Postoperative swelling

Question :


I would like to get information on postoperative swelling. I underwent a bimaxillary surgery (impaction + Le Fort I in the upper jaw, Epker osteotomy in the lower jaw and genioplasty) on September 9.

Today at D+11, the swelling on my cheeks and around the Epker osteotomy has pretty much disappeared. I still cannot feel my chin nor my lower lip. But mostly, the area around my nose started swelling at D+3 after I was released from the clinic, and the swelling still does not decrease…

I even feel the plates on each side of my nose. I do not have a fever and there is no oozing from my scars.

Is it normal? Will the swelling start decreasing soon? I have an appointment with my surgeon only next Thursday… Thank you!

Réponse :

Edema or swelling of the face after an orthognathic surgery is normal and this swelling progressively goes down. 11 days post-surgery, nearly 50% of edema should have subsided.

A recent study using a 3D stereophotogrammetric technique on postoperative swelling (JOMS2014) confirms that in average, 50% of the initial swelling has subsided after the third week post-surgery and that after 3 months, only 20% of the initial swelling remains.

This study has made a correlation between the body mass index (BMI) and edema. Indeed, patients with a high BMI have more post-operative edema, but their edema has the highest reduction rate during the first week.

Comparatively, patients with a lower BMI have less postoperative edema, but it takes more time for this edema to resorb. They have not found a different between men and women on the initial edema or the resorption of the edema.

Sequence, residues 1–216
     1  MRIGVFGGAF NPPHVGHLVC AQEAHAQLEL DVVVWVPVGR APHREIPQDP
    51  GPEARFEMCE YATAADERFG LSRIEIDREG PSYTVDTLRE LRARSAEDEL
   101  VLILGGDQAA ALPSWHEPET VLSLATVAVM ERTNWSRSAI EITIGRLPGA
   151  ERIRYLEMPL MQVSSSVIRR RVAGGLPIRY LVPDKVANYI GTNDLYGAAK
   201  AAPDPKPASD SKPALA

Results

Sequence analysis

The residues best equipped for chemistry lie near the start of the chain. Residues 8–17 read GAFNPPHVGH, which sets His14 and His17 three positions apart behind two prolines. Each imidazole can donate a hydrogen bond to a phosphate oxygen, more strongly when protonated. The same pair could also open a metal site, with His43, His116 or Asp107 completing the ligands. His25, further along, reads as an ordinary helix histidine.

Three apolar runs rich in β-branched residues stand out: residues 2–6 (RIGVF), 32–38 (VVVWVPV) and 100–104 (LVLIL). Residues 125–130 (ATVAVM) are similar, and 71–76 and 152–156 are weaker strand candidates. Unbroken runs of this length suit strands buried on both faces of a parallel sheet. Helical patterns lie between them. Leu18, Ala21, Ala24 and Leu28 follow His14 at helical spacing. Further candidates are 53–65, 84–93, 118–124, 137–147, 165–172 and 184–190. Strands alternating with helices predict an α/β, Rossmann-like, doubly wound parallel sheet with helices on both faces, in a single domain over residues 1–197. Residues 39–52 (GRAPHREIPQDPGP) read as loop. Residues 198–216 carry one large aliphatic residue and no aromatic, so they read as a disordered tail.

It is normal for you to feel the plates on each side of your nose. This sensation should decrease with time. From what I can remember, I have had one or two patients whose plates were too prominent and they had to have them removed 6 months after the surgery.

The sensitivity in the chin can take from 2 to 3 months before going back to normal. Sometimes, it can take 3 to 6 months. Beyond 6 months, chances are that the loss of sensitivity is permanent.

van der Vlis M, Dentino KM, Vervloet B, Padwa BL., Postoperative swelling after orthognathic surgery: a prospective volumetric analysis. J Oral Maxillofac Surg. 2014 Nov;72(11):2241-7. doi: 10.1016/j.joms.2014.04.026. Epub 2014 May 2.

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